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What's wrong with buying apps for 99 cents?

Dan Moren over at Macworld has picked up the App Store pricing gauntlet yet again. He somehow equates the iPhone's price dropping to $199 as a symbol that cheap people are shopping the App Store -- as if anyone who's interested in spending $199 on a phone can be called cheap. But he's starting from the right place: from AppCubby's donationware scheme (they sell apps for 99 cents and ask people to donate more on their site) to the Sound Grenade developer (he made a self-described "terrible" app in 20 minutes and threw it up on the App Store -- only to get hundreds of thousands of downloads), something is very weird in the world of apps for the iPhone and iPod touch.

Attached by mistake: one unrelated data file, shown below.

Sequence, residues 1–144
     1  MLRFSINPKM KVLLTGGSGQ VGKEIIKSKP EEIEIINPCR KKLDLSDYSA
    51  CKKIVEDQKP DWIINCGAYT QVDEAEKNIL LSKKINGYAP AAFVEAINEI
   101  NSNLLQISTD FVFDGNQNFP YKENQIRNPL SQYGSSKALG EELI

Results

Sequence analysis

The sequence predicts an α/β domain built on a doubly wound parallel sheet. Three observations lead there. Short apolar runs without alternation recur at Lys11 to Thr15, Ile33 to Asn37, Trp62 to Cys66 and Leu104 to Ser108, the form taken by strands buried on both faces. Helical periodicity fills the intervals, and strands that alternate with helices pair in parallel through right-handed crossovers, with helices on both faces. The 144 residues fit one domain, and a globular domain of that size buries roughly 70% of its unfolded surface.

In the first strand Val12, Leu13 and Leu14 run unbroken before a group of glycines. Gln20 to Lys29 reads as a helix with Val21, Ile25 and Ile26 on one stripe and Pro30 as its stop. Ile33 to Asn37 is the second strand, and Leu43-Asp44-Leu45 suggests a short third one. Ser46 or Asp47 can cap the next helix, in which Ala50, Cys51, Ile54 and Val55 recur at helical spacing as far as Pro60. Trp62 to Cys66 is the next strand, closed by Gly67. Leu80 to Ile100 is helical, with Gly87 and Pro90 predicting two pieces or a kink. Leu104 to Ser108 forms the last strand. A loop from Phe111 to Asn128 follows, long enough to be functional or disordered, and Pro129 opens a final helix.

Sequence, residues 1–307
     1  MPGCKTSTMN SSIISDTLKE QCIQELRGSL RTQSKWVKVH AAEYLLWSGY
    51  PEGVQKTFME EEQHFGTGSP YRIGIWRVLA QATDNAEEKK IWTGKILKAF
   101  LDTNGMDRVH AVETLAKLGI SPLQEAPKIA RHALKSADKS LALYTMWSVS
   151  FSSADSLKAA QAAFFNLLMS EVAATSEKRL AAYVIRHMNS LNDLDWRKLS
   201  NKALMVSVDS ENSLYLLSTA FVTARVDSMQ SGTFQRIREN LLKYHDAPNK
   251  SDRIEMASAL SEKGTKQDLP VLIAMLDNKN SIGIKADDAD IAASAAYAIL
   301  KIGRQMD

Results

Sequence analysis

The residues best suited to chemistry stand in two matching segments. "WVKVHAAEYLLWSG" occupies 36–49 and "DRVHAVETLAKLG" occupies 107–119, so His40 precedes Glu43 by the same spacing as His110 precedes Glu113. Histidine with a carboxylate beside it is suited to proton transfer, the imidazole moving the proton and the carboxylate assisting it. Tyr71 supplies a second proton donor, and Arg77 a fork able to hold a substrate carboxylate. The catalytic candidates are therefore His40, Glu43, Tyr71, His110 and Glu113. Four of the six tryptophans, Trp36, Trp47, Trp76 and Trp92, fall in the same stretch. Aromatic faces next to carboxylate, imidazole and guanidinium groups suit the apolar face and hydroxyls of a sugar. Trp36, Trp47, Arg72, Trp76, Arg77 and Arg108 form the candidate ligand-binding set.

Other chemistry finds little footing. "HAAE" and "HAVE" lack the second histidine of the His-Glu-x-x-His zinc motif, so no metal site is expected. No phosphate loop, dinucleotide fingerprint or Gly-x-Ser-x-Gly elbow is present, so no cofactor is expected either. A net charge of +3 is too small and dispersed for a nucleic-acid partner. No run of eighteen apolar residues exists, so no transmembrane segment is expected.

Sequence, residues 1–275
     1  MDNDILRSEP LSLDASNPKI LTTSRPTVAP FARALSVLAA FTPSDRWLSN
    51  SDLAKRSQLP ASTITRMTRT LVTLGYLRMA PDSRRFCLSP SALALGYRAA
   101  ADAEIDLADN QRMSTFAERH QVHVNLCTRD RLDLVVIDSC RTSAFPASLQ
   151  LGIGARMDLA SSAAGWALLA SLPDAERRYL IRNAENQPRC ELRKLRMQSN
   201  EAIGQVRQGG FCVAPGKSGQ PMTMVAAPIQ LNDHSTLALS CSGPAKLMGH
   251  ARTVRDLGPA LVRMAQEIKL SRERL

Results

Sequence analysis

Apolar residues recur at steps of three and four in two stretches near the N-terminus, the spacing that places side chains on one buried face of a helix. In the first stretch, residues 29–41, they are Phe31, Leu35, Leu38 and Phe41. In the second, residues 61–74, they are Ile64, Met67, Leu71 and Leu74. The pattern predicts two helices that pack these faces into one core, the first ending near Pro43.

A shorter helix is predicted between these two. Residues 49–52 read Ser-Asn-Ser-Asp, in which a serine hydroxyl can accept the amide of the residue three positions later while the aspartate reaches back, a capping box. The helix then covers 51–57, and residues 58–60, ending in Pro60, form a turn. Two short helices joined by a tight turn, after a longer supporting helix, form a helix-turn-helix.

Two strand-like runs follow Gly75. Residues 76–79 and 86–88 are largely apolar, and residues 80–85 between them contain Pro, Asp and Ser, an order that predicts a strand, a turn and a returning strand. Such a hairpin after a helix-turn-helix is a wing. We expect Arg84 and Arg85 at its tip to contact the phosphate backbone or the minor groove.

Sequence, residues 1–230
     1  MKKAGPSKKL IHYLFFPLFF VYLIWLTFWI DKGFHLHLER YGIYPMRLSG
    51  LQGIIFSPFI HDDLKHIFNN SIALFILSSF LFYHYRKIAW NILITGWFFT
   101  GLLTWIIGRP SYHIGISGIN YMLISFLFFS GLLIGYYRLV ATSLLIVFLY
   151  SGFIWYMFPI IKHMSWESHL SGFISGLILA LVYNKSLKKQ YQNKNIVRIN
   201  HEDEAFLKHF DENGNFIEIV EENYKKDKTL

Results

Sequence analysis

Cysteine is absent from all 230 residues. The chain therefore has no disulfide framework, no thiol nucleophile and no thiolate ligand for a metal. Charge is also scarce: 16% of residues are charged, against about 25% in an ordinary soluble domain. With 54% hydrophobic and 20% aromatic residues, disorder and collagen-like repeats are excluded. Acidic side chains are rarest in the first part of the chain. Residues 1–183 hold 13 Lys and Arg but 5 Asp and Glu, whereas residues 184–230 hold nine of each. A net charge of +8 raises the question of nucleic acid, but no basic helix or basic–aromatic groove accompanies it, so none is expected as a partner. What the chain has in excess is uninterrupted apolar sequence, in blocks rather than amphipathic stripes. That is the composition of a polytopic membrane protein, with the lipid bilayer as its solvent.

Moren's final point seems to be that an excess of 99 cent apps is pushing the really talented developers out of business (because they can't make back what they put into the software by selling it for 99 cents), but there's still something wrong there. If someone can sell 100,000 copies of an app for a buck apiece (walking away with $70,000 after Apple's cut), why are the talented developers leaving? Surely you can make a quality app for less than $70,000, right?

We're obviously still closer to the beginning of how the App Store will eventually shape up rather than the end. It sure seems like developers who create worthwhile apps would find a way to pay for them, but if they can't, then yes, it might be worth another look at the pricing setup from Apple end.

Dan Moren over at Macworld has picked up the App Store pricing gauntlet yet again. He somehow equates the iPhone's price dropping to $199...